Available from: 2012-11-16 Created: 2012-11-16 Last updated: 2017-12-07Bibliographically approved
5. Endonuclease specificity and sequence dependence of Type IIS restriction enzymes
Open this publication in new window or tab >>Endonuclease specificity and sequence dependence of Type IIS restriction enzymes
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2015 (English)In: PLoS ONE, ISSN 1932-6203, E-ISSN 1932-6203, Vol. 10, no 1, e0117059Article in journal (Refereed) Published
Abstract [en]

Restriction enzymes that recognize specific sequences but cleave unknown sequence outside the recognition site are extensively utilized tools in molecular biology. Despite this, systematic functional categorization of cleavage performance has largely been lacking. We established a simple and automatable model system to assay cleavage distance variation (termed slippage) and the sequence dependence thereof. We coupled this to massively parallel sequencing in order to provide sensitive and accurate measurement. With this system 14 enzymes were assayed (AcuI, BbvI, BpmI, BpuEI, BseRI, BsgI, Eco57I, Eco57MI, EcoP15I, FauI, FokI, GsuI, MmeI and SmuI). We report significant variation of slippage ranging from 1-54%, variations in sequence context dependence, as well as variation between isoschizomers. We believe this largely overlooked property of enzymes with shifted cleavage would benefit from further large scale classification and engineering efforts seeking to improve performance. The gained insights of in-vitro performance may also aid the in-vivo understanding of these enzymes.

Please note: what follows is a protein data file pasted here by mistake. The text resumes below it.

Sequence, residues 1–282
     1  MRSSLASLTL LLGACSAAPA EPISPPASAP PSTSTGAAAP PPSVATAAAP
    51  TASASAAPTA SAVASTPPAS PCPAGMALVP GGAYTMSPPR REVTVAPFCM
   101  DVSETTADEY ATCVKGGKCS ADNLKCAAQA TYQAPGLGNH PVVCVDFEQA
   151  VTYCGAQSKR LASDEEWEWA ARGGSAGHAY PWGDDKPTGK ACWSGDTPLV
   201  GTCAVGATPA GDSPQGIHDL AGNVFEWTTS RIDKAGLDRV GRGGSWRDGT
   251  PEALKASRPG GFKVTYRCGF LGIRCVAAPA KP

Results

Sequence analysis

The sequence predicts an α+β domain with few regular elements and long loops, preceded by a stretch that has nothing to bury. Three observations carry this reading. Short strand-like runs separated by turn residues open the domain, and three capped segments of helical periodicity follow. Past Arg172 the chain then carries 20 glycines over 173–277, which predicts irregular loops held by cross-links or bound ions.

Place, publisher, year, edition, pages
Public Library of Science, 2015
National Category
Other Industrial Biotechnology
Identifiers
urn:nbn:se:kth:diva-105132 (URN)10.1371/journal.pone.0117059 (DOI)000348732100060 ()2-s2.0-84922424353 (Scopus ID)
Funder
EU, FP7, Seventh Framework Programme, 222913Swedish Foundation for Strategic Research
Note

Updated from Submitted to Published. QC 20150407

Available from: 2012-11-16 Created: 2012-11-16 Last updated: 2017-12-07Bibliographically approved